When it comes to photos of our family I typically gravitate to natural outdoor locations rather than an in-studio session. Of course, having a maternity shoot in the middle of winter definitely complicates that; however, it’s not impossible! A few weeks ago I shared a post about How to Pick Out the Perfect Dress for your Maternity Photoshoot. I wanted to share a few of the final photos from my photoshoot with Devon Roe Photography and give some tips for scheduling a winter maternity photoshoot.
The first step in scheduling a winter maternity photoshoot is to decide what type of photos you would like. Some women like more sensual photos or photos highlighting her and her body. Others, including me, are more interested in focusing on family. For me, this is really the last time we will be a family of three so I wanted to capture this time.
Once you’ve decided the focus of the photos you will have to decide on a setting. Do you want indoor or outdoor photos? Indoor photos can be easier for a winter maternity photo shoot. You don’t have to worry about the weather and if you have a family photoshoot you are sure to have the whole family participate without any issues. Outdoor sessions can be tricky because there is more coordination and flexibility involved. What will the weather be like? What will the backdrop look like? Will little ones be miserable if it’s too cold? Lighting can also be a concern in the winter months.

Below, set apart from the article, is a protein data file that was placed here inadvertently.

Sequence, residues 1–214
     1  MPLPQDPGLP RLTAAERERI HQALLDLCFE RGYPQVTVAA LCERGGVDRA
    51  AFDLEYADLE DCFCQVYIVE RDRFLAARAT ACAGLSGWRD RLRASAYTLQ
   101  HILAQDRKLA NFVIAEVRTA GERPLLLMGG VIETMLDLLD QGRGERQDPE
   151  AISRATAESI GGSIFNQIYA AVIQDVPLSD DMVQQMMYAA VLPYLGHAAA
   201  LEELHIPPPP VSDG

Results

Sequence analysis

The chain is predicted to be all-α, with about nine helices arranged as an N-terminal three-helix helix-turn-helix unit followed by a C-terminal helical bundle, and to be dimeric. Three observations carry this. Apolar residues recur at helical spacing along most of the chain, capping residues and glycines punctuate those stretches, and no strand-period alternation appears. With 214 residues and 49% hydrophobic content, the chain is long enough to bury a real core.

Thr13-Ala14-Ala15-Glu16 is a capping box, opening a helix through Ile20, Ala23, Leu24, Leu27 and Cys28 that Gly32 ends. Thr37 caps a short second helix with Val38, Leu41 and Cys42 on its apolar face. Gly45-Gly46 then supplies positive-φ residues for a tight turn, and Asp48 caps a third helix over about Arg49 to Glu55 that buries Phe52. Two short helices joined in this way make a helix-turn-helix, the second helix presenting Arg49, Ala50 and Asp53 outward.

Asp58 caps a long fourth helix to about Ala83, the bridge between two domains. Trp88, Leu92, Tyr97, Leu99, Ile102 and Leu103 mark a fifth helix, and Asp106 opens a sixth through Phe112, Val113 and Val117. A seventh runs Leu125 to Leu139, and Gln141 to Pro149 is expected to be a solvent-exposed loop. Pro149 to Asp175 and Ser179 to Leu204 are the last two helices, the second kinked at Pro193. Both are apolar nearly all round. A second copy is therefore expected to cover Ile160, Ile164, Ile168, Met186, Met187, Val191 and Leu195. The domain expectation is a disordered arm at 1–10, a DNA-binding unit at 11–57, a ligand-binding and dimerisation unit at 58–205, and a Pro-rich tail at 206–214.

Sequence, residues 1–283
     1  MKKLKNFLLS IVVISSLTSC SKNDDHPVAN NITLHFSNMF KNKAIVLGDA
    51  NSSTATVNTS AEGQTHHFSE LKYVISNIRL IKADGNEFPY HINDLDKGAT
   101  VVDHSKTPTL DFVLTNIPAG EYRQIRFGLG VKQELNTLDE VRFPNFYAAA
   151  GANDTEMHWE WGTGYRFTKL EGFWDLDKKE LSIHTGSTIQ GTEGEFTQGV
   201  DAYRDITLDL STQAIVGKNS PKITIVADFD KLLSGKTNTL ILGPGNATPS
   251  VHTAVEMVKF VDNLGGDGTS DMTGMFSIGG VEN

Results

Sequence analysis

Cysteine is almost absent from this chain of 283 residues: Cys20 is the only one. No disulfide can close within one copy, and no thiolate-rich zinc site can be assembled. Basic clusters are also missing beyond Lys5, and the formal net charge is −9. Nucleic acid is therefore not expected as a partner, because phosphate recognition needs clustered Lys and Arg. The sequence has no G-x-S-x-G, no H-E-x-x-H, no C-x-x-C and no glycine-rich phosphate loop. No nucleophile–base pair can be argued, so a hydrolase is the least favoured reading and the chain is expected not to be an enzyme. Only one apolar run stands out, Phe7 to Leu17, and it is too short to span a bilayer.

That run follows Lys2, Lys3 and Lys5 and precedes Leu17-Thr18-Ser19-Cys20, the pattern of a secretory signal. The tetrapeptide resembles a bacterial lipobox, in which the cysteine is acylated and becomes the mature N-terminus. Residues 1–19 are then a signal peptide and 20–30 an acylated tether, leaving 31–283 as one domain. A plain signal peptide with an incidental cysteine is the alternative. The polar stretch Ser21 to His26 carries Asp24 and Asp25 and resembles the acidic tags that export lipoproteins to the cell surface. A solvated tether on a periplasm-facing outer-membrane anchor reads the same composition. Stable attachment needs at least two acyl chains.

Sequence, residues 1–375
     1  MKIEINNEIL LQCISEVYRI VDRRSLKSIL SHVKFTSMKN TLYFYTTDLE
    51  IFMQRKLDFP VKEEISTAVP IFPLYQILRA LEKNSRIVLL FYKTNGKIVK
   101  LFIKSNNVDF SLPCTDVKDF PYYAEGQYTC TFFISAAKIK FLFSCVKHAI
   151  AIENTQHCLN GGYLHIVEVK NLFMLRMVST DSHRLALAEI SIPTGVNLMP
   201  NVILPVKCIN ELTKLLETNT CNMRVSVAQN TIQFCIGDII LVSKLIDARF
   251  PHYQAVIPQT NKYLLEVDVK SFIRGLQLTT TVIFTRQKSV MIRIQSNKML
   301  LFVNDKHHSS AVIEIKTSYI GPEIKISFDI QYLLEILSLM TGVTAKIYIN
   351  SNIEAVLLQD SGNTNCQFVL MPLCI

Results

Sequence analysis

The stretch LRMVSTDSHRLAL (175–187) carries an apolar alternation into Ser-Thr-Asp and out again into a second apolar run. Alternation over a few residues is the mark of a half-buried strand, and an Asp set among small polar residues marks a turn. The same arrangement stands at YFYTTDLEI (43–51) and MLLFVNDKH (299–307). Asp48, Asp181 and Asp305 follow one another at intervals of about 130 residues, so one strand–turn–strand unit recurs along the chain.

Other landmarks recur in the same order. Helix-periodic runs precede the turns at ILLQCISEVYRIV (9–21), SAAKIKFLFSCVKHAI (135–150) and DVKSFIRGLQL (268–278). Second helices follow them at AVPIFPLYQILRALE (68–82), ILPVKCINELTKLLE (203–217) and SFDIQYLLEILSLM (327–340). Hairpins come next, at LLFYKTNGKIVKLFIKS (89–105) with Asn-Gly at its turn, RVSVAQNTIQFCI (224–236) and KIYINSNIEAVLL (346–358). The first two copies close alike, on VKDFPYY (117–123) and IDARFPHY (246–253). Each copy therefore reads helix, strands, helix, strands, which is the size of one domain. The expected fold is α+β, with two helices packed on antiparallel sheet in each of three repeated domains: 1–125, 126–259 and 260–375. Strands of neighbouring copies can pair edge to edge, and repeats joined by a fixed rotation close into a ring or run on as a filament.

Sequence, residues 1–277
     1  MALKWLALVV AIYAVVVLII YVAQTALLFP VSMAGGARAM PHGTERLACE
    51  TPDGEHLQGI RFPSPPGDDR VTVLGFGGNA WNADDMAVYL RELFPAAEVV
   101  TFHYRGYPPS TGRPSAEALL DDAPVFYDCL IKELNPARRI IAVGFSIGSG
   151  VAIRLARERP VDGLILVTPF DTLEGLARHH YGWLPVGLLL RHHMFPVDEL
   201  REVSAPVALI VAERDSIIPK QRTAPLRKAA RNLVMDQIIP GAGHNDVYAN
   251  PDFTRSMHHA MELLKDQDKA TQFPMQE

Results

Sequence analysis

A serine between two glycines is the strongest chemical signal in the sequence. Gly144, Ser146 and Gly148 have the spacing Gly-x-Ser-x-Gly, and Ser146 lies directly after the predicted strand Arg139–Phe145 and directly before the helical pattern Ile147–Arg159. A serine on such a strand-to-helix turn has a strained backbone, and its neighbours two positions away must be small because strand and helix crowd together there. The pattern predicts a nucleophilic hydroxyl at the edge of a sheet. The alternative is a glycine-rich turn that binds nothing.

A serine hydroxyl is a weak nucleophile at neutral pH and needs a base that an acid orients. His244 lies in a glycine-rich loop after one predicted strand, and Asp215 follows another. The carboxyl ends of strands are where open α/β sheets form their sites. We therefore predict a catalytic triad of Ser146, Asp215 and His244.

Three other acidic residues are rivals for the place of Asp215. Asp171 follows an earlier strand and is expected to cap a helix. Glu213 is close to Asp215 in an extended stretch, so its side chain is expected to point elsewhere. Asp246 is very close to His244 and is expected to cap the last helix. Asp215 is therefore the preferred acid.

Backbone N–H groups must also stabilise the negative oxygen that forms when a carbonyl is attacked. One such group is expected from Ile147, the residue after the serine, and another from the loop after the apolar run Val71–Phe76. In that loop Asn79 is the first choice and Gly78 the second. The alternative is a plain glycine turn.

Here are some tips if you are planning an outdoor winter maternity photo session:
- Flexibility is key. My photographer, Devon from Devon Roe Photography, recommended scheduling a maternity photoshoot between 28-32 weeks. The original date fell during my 29th week. I knew there was a chance the original date wouldn’t work out and my photographer was OK with moving the date if needed. When my date came it was snowy which would have been really pretty, but it was bitterly cold and very windy. Had I gone with that date, I would not have been comfortable in the dress I selected and Aiden definitely wouldn’t have been able to participate without a lot of layers! We waited a week and got a nice(r) 50-ish degree day
- Communication is so important. This one goes along with the first point. I discussed my vision of an outdoor shoot with my photographer so she was also OK with being flexible with the date. About a week out we saw the weather wasn’t looking promising so we decided to tentatively keep the date but also schedule a backup. On the day of we checked in again and decided to wait.
- Think about the backdrop. In the middle of winter, a landscape location is a bit barren. Think about using a barn or farmhouse. We used a farmhouse and I love the look. It fits out rustic decor perfectly!
- Dress as warm as possible. I really wanted to find a long sleeve dress, but it was harder than I thought to find one. Thankfully, we did the pictures on a tolerable day. If not, shawls or capes are a great option. You can also add disposable heating pads, leggings, and heavy socks if your dress if flowy enough.
- Make sure to get a variety of photos. We did some of just me, some of me and Aiden, some of me and Dan and some of the three of us!